Fed health panel rejects booster vaccines for people ages 16 and older; FL expert weighs in

By: - September 17, 2021 4:12 pm

A clinical coordinator measures the exact dose of the COVID-19 vaccine before it is administered; Dec. 14, 2020. Credit: Helen H. Richardson/The Denver Post (pool)

UPDATE from The Washington Post:

“Expert advisers to the Food and Drug Administration voted unanimously Friday to recommend that the agency authorize a booster shot of the Pfizer-BioNTech coronavirus vaccine for people 65 years and older or who are at risk for serious disease.

The vote is not binding, and Peter Marks, the FDA official overseeing coronavirus vaccines indicated that the final decision could be slightly different, including people who are at higher risk of infection because of their professions, such as health-care workers and frontline workers such as teachers. When the members were polled about whether they would agree with making boosters available to people who were at risk of infection because of exposure from their jobs, they all said yes. A decision about boosters by the FDA is expected next week.”

A team of vaccine advisers to the U.S. Food and Drug Administration on Friday expressed concerns over limited data to justify a third COVID shot, and therefore, disapproved so-called booster shots to those aged 16 and older in the United States.

The group voted on this question: Do the safety and effectiveness data from a clinical trial support approval of the booster… “administered at least six months after completion of the primary series for use in individuals 16 years of age and older?”

Overall, the vast majority of members voted no. The vote came shortly after 3:30 p.m.

An advisory committee to the FDA began an all-day meeting Friday to consider Pfizer-BioNTech booster shots for people 16 years of age and older.

Earlier in the day, Dr. Michael Teng, associate professor of medicine at the University of South Florida and virologist, told the Florida Phoenix that it may be too early to determine the longevity of the third shots in protecting “against infection.”

“What’s not clear to me is how long that protection will last,” Teng said in a phone conversation.

“It looks like they have some data, mostly it seems to be that they’re relying on data from Israel to show that immunity to infection goes down overtime, although the immunity to hospitalizations and death still remains high.”

According to The New York Times, White House officials have expressed concerned about data from Israel, suggesting that vaccinated people are “seeing waning immune responses and higher rates of infection.”

Therefore, Israeli officials administered third doses to those 12 and older, according to The New York Times report.

The Biden administration’s recent proposal on booster shots for COVID-19 included a rollout of a third shot starting Monday. But authorization of booster shots will be dependent upon approval from the FDA and “recommendations” by the federal Centers for Disease Control and Prevention, according to Biden’s plan.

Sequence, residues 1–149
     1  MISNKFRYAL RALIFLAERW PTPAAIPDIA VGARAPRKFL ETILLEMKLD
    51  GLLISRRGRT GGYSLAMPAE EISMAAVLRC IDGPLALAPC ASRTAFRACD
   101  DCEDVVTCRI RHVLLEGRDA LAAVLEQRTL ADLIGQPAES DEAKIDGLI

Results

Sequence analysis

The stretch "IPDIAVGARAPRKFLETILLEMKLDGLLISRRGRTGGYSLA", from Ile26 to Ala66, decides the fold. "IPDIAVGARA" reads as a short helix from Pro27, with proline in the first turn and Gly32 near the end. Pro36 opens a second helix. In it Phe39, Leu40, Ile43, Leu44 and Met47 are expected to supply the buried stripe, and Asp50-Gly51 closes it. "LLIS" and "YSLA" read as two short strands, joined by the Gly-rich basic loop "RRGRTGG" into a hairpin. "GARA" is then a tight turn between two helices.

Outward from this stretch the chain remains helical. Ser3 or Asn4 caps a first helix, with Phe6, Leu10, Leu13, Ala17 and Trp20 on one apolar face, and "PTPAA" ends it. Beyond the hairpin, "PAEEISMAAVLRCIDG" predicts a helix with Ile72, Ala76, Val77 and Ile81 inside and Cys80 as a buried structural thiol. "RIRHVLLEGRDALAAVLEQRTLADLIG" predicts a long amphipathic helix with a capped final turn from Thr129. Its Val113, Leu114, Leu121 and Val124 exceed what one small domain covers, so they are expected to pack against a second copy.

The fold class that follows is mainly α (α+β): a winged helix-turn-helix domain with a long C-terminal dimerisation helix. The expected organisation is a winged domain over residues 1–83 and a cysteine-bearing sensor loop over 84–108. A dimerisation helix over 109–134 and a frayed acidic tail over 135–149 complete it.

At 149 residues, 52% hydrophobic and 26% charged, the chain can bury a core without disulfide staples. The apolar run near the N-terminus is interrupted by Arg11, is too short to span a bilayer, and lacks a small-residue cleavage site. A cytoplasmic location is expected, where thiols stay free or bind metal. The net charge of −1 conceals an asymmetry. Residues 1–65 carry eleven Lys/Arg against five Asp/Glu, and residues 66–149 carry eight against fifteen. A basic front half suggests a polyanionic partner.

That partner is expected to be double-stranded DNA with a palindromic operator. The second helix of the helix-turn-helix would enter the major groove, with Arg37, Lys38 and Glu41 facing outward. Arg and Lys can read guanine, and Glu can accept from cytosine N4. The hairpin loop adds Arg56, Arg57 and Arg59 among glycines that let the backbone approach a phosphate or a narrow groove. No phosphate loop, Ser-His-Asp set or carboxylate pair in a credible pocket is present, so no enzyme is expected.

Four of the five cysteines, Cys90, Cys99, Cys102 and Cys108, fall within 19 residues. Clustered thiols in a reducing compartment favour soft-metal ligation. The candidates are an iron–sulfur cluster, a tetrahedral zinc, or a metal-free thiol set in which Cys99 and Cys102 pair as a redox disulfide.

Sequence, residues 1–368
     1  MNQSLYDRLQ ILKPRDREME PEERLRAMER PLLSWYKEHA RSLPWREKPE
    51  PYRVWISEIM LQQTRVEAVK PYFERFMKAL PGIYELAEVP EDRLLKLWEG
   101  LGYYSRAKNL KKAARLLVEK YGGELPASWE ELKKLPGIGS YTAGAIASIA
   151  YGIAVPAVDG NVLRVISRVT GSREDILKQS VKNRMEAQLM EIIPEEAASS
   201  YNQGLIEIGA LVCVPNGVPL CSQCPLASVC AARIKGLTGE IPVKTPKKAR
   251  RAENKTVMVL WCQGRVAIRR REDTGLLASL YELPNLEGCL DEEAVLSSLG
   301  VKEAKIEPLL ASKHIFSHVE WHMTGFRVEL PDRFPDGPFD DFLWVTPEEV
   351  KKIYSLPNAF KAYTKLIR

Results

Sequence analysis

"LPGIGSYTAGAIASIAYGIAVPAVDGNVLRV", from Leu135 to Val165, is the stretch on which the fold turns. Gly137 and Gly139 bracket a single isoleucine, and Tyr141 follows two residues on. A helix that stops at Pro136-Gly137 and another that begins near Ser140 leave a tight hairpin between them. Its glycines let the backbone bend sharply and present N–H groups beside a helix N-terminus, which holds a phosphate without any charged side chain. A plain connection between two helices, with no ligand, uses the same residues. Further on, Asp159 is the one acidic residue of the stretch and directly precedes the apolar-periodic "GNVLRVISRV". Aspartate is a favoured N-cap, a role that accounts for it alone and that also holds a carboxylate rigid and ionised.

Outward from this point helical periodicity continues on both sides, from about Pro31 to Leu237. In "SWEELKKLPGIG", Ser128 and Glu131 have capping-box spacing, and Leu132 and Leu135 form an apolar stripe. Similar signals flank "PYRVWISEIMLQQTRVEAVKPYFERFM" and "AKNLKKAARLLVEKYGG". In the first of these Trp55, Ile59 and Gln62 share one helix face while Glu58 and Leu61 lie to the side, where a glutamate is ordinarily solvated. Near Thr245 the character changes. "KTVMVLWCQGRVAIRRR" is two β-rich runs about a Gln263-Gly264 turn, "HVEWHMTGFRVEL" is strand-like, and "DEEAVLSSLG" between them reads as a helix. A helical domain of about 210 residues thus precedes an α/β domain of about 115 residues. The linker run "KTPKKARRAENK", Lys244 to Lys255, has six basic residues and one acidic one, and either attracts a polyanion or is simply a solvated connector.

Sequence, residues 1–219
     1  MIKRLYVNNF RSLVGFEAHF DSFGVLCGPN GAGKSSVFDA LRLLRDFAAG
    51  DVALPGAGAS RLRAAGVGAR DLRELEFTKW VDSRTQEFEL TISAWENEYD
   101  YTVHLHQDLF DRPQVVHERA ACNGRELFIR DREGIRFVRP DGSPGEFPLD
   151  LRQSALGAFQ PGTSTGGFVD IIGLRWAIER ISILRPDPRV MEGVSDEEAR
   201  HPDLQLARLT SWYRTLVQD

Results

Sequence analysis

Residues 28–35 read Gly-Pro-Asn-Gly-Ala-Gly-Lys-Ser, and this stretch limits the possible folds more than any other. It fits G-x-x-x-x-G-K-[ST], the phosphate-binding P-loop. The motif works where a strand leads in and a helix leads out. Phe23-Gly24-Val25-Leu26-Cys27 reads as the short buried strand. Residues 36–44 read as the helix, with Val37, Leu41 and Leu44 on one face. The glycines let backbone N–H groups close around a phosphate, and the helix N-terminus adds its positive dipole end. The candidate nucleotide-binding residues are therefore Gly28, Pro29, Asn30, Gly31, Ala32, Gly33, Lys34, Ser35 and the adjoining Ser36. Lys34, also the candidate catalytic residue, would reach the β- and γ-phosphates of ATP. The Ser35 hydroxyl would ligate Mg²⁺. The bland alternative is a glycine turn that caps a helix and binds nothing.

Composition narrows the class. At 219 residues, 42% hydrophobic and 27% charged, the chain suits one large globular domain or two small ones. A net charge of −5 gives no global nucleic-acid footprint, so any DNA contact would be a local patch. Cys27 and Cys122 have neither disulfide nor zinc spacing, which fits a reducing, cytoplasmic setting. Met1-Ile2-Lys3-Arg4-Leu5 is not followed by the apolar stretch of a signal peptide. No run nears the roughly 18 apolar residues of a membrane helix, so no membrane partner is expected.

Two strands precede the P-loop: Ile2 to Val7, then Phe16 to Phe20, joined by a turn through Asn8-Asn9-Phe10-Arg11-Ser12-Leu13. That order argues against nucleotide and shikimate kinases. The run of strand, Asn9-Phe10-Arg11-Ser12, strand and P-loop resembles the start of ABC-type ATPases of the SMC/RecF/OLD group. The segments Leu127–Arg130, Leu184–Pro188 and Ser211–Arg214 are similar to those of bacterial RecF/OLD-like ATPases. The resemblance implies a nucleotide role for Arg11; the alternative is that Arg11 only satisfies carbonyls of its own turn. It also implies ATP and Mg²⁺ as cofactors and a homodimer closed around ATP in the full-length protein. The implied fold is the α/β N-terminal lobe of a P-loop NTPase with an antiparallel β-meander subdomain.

Health experts from Israel and around the world presented data and presentations during Friday’s meeting, while addressing whether benefits outweigh the risks associated with an extra dose that would be given at least six months after the second shot.

Dr. Sharon Alroy-Preis, who is Israel’s head of public health services, was questioned by a member about the booster shot offering “long-term durability” and if they would anticipate additional booster shots offered every six months.

“I think this is very early and we can’t really tell,” she said during the virtual meeting. “We know from other viruses that sometimes, like in Hepatitis, you get a dose…and you have protection for many years.

“We definitely don’t have any plans at the moment to boost every six months. We will continue to monitor to see if there is any waning effect.”

Ultimately, Teng said, the committee had to decide if the Pfizer booster shot is effective and safe. And when it comes to side effects from a third shot, Teng believes those are about the same as the original dose.

“One of the things Pfizer is presenting is some safety data. It shows that the side of effects are about the same as the second dose,” Teng said.

However, not all health experts have agreed with the idea to administer vaccine boosters right now.

Recently, a team of scientists analyzed studies and concluded “that boosters are not yet needed by the general population,” and focus should be placed on boosting vaccines to the unvaccinated population, according to a New York Times report.

Two of scientists are from the FDA and decided to resign “over what they felt was undue pressure from the Biden administration to approve booster shots,” The New York Times reported.

Dr. Sarah Oliver, from the CDC, said during her presentation Friday that “there have been over 380 million vaccine doses administered in the United States, to date” and discussed vaccine effectiveness against the Delta variant.

“Since the introduction of this Delta variant, VE [vaccine effectiveness] has ranged from 39 percent to 84 percent. VE against hospitalization, remained high from 75 percent to 95 percent,” Oliver said.

Our stories may be republished online or in print under Creative Commons license CC BY-NC-ND 4.0. We ask that you edit only for style or to shorten, provide proper attribution and link to our web site. Please see our republishing guidelines for use of photos and graphics.

Issac Morgan
Issac Morgan

Issac Morgan is a 2009 graduate of Florida A&M University's School of Journalism, and a proud native of Tallahassee. He has covered city council and community events at the Gadsden County Times, worked as a sports news assistant at the Tallahassee Democrat, a communications specialist for the Florida Department of Agriculture and Consumer Services, and as a proofreader at the Florida Law Weekly.

MORE FROM AUTHOR